I am a proud Irish-American. Sort of…
I am actually a mongrel… part French-canadian, part English and part Irish. My paternal grandmother was a 4’9″ Irish spitfire who I adored. My paternal grandfather was an Englishman who came to the US on the SS Franconia in 1911, at the age of 5. My maternal grandparents came to the US from Quebec, Canada.
But our Irish identity was most prevalent in my household. I attended St Patrick School, in Lawrence, MA, and attended St Patrick Church. My family members were prominent in the AOH in Lawrence. And we marched in the St Patrick’s Day parade as boy scouts or choir members… and in later years attended religiously.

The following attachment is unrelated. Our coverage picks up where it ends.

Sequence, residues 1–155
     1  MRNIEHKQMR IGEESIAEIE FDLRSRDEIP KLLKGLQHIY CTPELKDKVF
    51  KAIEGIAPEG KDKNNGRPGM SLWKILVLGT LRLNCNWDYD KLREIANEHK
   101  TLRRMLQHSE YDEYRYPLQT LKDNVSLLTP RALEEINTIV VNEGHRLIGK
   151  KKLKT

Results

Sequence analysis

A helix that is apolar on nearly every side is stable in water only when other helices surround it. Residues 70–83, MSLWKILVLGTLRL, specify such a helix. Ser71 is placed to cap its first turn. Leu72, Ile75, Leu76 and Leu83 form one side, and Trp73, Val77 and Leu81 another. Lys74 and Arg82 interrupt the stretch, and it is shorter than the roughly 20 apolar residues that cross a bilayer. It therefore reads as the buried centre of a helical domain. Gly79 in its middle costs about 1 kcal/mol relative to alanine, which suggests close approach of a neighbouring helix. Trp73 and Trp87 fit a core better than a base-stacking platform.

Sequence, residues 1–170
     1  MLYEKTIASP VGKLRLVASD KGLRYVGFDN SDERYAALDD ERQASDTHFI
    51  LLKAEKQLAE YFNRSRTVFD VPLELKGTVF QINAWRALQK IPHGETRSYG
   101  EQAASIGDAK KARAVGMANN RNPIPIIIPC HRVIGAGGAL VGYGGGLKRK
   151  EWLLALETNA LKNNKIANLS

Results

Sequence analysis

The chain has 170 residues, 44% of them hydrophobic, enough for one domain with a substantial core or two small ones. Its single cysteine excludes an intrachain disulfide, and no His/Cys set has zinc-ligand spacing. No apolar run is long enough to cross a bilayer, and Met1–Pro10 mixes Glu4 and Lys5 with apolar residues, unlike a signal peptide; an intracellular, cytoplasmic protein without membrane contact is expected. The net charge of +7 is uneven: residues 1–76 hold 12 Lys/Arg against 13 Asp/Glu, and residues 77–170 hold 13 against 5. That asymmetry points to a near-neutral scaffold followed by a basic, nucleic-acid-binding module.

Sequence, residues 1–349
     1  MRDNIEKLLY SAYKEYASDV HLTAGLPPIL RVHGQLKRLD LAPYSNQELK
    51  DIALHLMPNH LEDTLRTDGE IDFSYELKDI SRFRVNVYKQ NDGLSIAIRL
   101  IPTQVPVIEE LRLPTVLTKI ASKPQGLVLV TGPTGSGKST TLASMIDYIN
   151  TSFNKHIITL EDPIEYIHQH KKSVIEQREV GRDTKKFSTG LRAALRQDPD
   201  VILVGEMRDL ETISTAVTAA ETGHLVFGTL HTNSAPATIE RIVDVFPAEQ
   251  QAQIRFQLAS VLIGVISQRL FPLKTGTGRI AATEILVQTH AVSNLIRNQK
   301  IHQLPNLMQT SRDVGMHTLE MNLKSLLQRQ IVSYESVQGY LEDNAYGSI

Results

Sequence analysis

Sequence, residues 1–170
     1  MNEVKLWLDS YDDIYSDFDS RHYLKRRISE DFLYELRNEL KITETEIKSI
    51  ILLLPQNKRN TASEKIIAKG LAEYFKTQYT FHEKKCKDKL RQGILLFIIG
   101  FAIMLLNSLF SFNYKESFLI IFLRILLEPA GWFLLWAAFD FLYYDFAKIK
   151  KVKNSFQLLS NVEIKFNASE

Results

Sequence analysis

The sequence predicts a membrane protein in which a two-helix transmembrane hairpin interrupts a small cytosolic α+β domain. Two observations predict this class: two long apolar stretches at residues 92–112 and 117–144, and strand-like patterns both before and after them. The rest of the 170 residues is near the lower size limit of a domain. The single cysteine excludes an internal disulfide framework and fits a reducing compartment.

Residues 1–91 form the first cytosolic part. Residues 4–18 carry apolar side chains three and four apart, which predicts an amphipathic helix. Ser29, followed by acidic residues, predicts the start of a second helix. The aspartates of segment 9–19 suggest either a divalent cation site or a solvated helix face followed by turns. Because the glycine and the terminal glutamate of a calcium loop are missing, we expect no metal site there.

My grandmother made a huge boiled dinner every March 17th. We had dinner… and then had leftovers for a couple of days thereafter. She always cooked a picnic ham (smoked shoulder). With potatoes. And cabbage. And boiling onions. And carrots. Lots and lots of carrots! (My favorite vegetable, especially when cooked in a boiled dinner)
As I got older, I diverge from the family tradition of making a smoked shoulder and started using corned beef. I mean, “corned beef and cabbage” was the traditional Irish meal on St Patrick’s Day, right… not “smoked shoulder and cabbage”.
On occasion, I still cook a smoked shoulder, but I LOVE a good corned beef… so for the most part I now cook corned beef.
Except, ‘corned beef and cabbage’ is not Irish. It’s Irish-American!
Not that it matters. But I was raised believing it was an Irish tradition, and it is not… read here for the origins of the Irish-American tradition of eating corned beef and cabbage on St Patty’s Day.